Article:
What I will be hosting, to be exact, is a series of retreats to be held at the Ashram this spring. During each retreat, about a hundred devotees will come here from all over the world for a period of a week to ten days, to deepen their meditation practices. My role is to take care of these people during their stay here. For most of the retreat, the participants will be in silence. For some of them, it will be the first time they've experienced silence as a devotional practice, and it can be intense. However, I will be the one person in the Ashram they are allowed to talk to if something is going wrong.
That's right--my job officially requires me to be the speech-magnet.
I will listen to the problems of the retreat participants and then try to find solutions for them. Maybe they'll need to change roommates because of a snoring situation, or maybe they'll need to speak to the doctor because of India-related digestive trouble--I'll try to solve it. I'll need to know everybody's name, and where they are from. I'll be walking around with a clipboard, taking notes and following up. I'm Julie McCoy, your Yogic cruise director.
And, yes, the position does come with a beeper.
As the retreats begin, it is so quickly evident how much I am made for this job. I'm sitting there at the Welcome Table with my Hello, My Name Is badge, and these people are arriving from thirty different countries, and some of them are old-timers but many of them have never been to India. It's over 100 degrees already at 10:00 AM, and most of these people have been flying all night in coach. Some of them walk into this Ashram looking like they just woke up in the trunk of a car--like they have no idea at all what they're doing here. Whatever desire for transcendence drove them to apply for this spiritual retreat in the first place, they've long ago forgotten it, probably somewhere around the time their luggage got lost in Kuala Lumpur. They're thirsty, but don't know yet if they can drink the water. They're hungry, but don't know what time lunch is, or where the cafeteria can be found. They're dressed all wrong, wearing synthetics and heavy boots in the tropical heat. They don't know if there's anyone here who speaks Russian.
I can speak a teensy bit of Russian . . .
I can help them. I am so equipped to help. All the antennas I've ever sprouted throughout my lifetime that have taught me how to read what people are feeling, all the intuition I developed growing up as the supersensitive younger child, all the listening skills I learned as a sympathetic bartender and an inquisitive journalist, all the proficiency of care I mastered after years of being somebody's wife or girlfriend--it was all accumulated so that I could help ease these good people into the difficult task they've taken on. I see them coming in from Mexico, from the Philippines, from Africa, from Denmark, from Detroit and it feels like that scene in Close Encounters of the Third Kind where Richard Dreyfuss and all those other seekers have been pulled to the middle of Wyoming for reasons they don't understand at all, drawn by the arrival of the spaceship. I am so consumed by wonder at their bravery. These people have left their families and lives behind for a few weeks to go into silent retreat amidst a crowd of perfect strangers in India. Not everybody does this in their lifetime.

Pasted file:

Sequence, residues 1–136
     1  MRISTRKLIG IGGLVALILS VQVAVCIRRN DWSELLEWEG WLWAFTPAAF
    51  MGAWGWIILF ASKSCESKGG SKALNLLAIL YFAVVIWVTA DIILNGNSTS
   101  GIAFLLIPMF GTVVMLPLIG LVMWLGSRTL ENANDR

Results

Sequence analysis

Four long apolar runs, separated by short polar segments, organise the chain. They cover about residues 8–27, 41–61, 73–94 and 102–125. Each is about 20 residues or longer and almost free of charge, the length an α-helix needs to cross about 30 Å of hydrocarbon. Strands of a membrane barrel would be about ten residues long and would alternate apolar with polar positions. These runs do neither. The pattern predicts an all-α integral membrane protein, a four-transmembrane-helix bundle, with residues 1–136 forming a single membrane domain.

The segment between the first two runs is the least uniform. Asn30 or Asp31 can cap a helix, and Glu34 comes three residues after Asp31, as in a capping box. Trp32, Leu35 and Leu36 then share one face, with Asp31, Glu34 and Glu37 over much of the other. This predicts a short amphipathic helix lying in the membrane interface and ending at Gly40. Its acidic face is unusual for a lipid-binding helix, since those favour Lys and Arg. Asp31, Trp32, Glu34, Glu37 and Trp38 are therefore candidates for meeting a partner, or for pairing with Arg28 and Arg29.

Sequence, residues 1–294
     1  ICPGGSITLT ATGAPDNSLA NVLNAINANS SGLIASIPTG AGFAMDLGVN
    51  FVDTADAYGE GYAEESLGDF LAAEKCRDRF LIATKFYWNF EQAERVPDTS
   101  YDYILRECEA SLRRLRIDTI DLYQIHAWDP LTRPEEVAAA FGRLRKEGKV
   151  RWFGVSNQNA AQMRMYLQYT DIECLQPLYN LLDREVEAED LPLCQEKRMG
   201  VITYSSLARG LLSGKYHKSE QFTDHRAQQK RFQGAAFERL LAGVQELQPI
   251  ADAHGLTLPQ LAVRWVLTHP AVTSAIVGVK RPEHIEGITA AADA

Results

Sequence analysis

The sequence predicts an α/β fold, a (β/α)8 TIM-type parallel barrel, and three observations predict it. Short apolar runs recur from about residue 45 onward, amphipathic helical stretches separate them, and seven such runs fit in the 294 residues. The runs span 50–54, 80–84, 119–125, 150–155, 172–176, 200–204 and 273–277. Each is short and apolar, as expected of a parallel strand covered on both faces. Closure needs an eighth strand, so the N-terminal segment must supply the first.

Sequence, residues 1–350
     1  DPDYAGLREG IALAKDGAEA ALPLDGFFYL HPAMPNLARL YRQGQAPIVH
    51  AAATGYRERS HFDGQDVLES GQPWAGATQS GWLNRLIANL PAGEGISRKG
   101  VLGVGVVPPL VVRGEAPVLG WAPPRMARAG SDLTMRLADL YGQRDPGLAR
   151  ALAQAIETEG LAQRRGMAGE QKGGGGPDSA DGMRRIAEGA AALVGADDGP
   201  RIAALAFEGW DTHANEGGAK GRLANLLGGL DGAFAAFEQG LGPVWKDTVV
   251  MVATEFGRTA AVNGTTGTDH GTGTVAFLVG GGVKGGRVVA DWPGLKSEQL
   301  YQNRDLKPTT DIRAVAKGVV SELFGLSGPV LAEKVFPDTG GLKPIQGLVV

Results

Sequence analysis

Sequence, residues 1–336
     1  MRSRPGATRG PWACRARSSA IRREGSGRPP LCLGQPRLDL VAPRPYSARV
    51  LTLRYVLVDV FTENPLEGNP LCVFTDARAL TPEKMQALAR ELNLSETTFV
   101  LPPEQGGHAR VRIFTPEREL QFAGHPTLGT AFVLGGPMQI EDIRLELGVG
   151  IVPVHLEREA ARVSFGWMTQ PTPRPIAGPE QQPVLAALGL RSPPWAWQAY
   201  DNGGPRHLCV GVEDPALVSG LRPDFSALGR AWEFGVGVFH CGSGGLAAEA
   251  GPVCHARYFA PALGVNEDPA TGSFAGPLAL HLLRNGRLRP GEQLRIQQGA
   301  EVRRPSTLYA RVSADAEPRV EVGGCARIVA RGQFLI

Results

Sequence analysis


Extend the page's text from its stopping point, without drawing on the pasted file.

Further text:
I love all these people, automatically and unconditionally. I even love the pain-in-the-ass ones. I can see through their neuroses and recognize that they're just horribly afraid of what they're going to face when they go into silence and meditation for seven days. I love the Indian man who comes to me in outrage, reporting that there's a four-inch statue of the Indian god Ganesh in his room which has one foot missing. He's furious, thinks this is a terrible omen and wants that statue removed--ideally by a Brahman priest, during a "traditionally appropriate" cleansing ceremony. I comfort him and listen to his anger, then send my teenage tomboy friend Tulsi over to the guy's room to get rid of the statue while he's at lunch. The next day I pass the man a note, telling him that I hope he's feeling better now that the broken statue is gone, and reminding him that I'm here if he needs anything else whatsoever; he rewards me with a giant, relieved smile. He's just afraid.
The French woman who has a near panic attack about her wheat allergies--she's afraid, too. The Argentinean man who wants a special meeting with the entire staff of the Hatha Yoga department in order to be counseled on how to sit properly during meditation so his ankle doesn't hurt; he's just afraid. They're all afraid. They're going into silence, deep into their own minds and souls. Even for an experienced meditator, nothing is more unknown than this territory. Anything can happen in there. They'll be guided during this retreat by a wonderful woman, a monk in her fifties, whose every gesture and word is the embodiment of compassion, but they're still afraid because--as loving as this monk may be--she cannot go with them where they are going. Nobody can.
As the retreat was beginning, I happened to get a letter in the mail from a friend of mine in America who is a wildlife filmmaker for National Geographic. He told me he'd just been to a fancy dinner at the Waldorf-Astoria in New York, honoring members of the Explorers' Club. He said it was amazing to be in the presence of such incredibly courageous people, all of whom have risked their lives so many times to discover the world's most remote and dangerous mountain ranges, canyons, rivers, ocean depths, ice fields and volcanoes. He said that so many of them were missing bits of themselves--toes and noses and fingers lost over the years to sharks, frostbite and other dangers.
He wrote, "You have never seen so many brave people gathered in one place at the same time."
I thought to myself, You ain't seen nothin', Mike.